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Neuron. 2014 Sep 17;83(6):1389-403. doi: 10.1016/j.neuron.2014.08.003. Epub 2014 Sep 4.

Uniquantal release through a dynamic fusion pore is a candidate mechanism of hair cell exocytosis.

Author information

1
InnerEarLab, Department of Otolaryngology, University Medical Center Göttingen, 37075 Göttingen, Germany; Bernstein Center for Computational Neuroscience, University of Göttingen, 37073 Göttingen, Germany; Max Planck Institute for Dynamics and Self-Organization, 37077 Göttingen, Germany.
2
InnerEarLab, Department of Otolaryngology, University Medical Center Göttingen, 37075 Göttingen, Germany; Department of Rehabilitation for Sensory Functions, Research Institute, National Rehabilitation Center for Persons with Disabilities, Saitama 359-8555, Japan.
3
InnerEarLab, Department of Otolaryngology, University Medical Center Göttingen, 37075 Göttingen, Germany; Collaborative Research Center 889 Cellular Mechanisms of Sensory Processing, 37099 Göttingen, Germany.
4
InnerEarLab, Department of Otolaryngology, University Medical Center Göttingen, 37075 Göttingen, Germany.
5
InnerEarLab, Department of Otolaryngology, University Medical Center Göttingen, 37075 Göttingen, Germany; Molecular Architecture of Synapses Junior Research Group, University Medical Center Göttingen, 37075 Göttingen, Germany.
6
Department of Nanobiophotonics, Max Planck Institute for Biophysical Chemistry, 37077 Göttingen, Germany.
7
Department of Nanobiophotonics, Max Planck Institute for Biophysical Chemistry, 37077 Göttingen, Germany; Center for Nanoscale Microscopy and Molecular Physiology of the Brain, University of Göttingen, 37073 Göttingen, Germany.
8
InnerEarLab, Department of Otolaryngology, University Medical Center Göttingen, 37075 Göttingen, Germany; Collaborative Research Center 889 Cellular Mechanisms of Sensory Processing, 37099 Göttingen, Germany; Molecular Architecture of Synapses Junior Research Group, University Medical Center Göttingen, 37075 Göttingen, Germany. Electronic address: cwichma@gwdg.de.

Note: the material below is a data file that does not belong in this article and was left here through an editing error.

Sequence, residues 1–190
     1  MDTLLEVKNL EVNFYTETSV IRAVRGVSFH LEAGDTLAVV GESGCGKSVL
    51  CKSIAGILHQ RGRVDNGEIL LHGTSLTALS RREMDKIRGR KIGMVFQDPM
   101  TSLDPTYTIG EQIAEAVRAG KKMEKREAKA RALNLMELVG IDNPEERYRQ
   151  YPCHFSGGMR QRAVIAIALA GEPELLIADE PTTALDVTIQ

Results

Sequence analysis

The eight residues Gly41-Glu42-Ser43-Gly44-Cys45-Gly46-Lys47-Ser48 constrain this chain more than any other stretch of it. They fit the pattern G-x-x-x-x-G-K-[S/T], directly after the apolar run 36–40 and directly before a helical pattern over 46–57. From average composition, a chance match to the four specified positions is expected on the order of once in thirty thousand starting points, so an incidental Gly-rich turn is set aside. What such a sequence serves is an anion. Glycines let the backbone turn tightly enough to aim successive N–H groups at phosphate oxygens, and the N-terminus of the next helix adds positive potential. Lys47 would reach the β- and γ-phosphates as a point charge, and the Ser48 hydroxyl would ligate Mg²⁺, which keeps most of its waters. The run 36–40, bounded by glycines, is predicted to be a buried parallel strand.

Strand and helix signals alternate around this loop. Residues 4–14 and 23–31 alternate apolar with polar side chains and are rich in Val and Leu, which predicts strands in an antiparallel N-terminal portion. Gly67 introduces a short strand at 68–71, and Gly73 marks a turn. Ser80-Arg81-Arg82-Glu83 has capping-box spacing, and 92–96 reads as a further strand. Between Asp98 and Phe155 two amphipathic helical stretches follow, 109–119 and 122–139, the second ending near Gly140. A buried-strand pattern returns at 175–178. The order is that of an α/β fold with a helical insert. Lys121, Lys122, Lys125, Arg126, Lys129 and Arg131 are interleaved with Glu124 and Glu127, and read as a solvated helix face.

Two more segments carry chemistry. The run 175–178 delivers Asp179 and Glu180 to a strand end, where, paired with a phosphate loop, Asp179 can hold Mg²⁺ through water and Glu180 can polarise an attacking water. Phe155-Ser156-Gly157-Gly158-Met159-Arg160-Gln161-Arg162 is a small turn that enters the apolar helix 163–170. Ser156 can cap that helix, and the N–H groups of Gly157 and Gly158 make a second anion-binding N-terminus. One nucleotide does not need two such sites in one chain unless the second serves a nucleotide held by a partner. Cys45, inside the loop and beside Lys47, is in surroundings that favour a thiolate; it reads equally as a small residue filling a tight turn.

9
Bernstein Center for Computational Neuroscience, University of Göttingen, 37073 Göttingen, Germany; Max Planck Institute for Dynamics and Self-Organization, 37077 Göttingen, Germany; Collaborative Research Center 889 Cellular Mechanisms of Sensory Processing, 37099 Göttingen, Germany. Electronic address: fred@nld.ds.mpg.de.
10
InnerEarLab, Department of Otolaryngology, University Medical Center Göttingen, 37075 Göttingen, Germany; Bernstein Center for Computational Neuroscience, University of Göttingen, 37073 Göttingen, Germany; Collaborative Research Center 889 Cellular Mechanisms of Sensory Processing, 37099 Göttingen, Germany; Center for Nanoscale Microscopy and Molecular Physiology of the Brain, University of Göttingen, 37073 Göttingen, Germany. Electronic address: tmoser@gwdg.de.

Abstract

The mechanisms underlying the large amplitudes and heterogeneity of excitatory postsynaptic currents (EPSCs) at inner hair cell (IHC) ribbon synapses are unknown. Based on electrophysiology, electron and superresolution light microscopy, and modeling, we propose that uniquantal exocytosis shaped by a dynamic fusion pore is a candidate neurotransmitter release mechanism in IHCs. Modeling indicated that the extended postsynaptic AMPA receptor clusters enable large uniquantal EPSCs. Recorded multiphasic EPSCs were triggered by similar glutamate amounts as monophasic ones and were consistent with progressive vesicle emptying during pore flickering. The fraction of multiphasic EPSCs decreased in absence of Ca(2+) influx and upon application of the Ca(2+) channel modulator BayK8644. Our experiments and modeling did not support the two most popular multiquantal release interpretations of EPSC heterogeneity: (1) Ca(2+)-synchronized exocytosis of multiple vesicles and (2) compound exocytosis fueled by vesicle-to-vesicle fusion. We propose that IHC synapses efficiently use uniquantal glutamate release for achieving high information transmission rates.

PMID:
25199706
DOI:
10.1016/j.neuron.2014.08.003
[Indexed for MEDLINE]
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